GHIST 225: US History Kevin R. Hardwick Spring 2012 LECTURE 14 The First Party System: American Politics in the 1790s
Part I: The French Revolution Part II: The Whiskey Rebellion Part III: The Alien and Sedition Acts
1792: French Revolution turns Radical; the “terror” begins 1796: John Adams, Second President of US Federalist ________________________________________________________________ 1794: Whiskey Rebellion 1789: French Revolution Establishes Constitutional Monarchy 1798: Alien and Sedition Acts Response to this (I will discuss on Monday): Virginia and Kentucky Resolutions
Thomas Jefferson, 1793: "Rather than it [the French Revolution] should have failed, I would have seen half the earth desolate; were there but an Adam and Eve left in every country, and left free, it would be better than it now is."
Fisher Ames [a Federalist Congressman from Massachusetts], 1793: “It is a fact, that the talk of Jacobins, and even their printed threats are to demolish bank property and funded debt, and to wreak vengeance on the aristocrats, meaning the possessors of property.” “France has confessedly lost liberty, and the spirit and love of it, and has become infatuated with the passion for rapine and conquest.”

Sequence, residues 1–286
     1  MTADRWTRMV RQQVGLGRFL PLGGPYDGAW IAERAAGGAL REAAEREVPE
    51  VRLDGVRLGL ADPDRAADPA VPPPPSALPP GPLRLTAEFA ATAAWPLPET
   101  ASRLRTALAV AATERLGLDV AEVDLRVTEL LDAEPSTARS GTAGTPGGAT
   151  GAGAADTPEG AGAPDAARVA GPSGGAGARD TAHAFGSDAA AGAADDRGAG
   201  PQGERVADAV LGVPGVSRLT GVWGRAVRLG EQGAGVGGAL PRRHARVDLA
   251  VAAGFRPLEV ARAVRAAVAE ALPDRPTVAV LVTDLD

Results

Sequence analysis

Jonathan Maxcy [A New England Minister] , 1799 The French Revolution was a “cavalcade of death.” The French revolutionaries were “enemies of our own and all other established governments,” who were engaged in an effort to “exterminate all religious and moral principles.” “Hence it is that cargoes of infidelity have been imported into our country, and industriously circulated to corrupt the minds and morals of the rising generation.”
Whiskey Rebellion: A great name for a band! Not to mention a source of some Amusement and merriment!
In 1794 this was serious business: United States soldiers marching west to put down the Whiskey Rebellion, 1794
Fisher Ames, 1798: The Democratic-Republicans were “the party who thus labor to destroy all that we have toiled and fought for.” “If we allow ourselves any respite from the assaults of the French faction, it is by animating the zeal of the friends of virtue and government.”
Alexander Addison, a judge on Pennsylvania's fifth circuit, 1799: "Liberty without limit is licentiousness, it is the worst kind of tyranny." "The exercise of those faculties of opinion . . . must be limited, so that it never represents a solemn truth or exercise of religion as false or ridiculous, an established and useful principle or form of government as odious and detestable; a regular or salutary act or motive of the authorities as unlawful or pernicious; or an upright man as corrupt."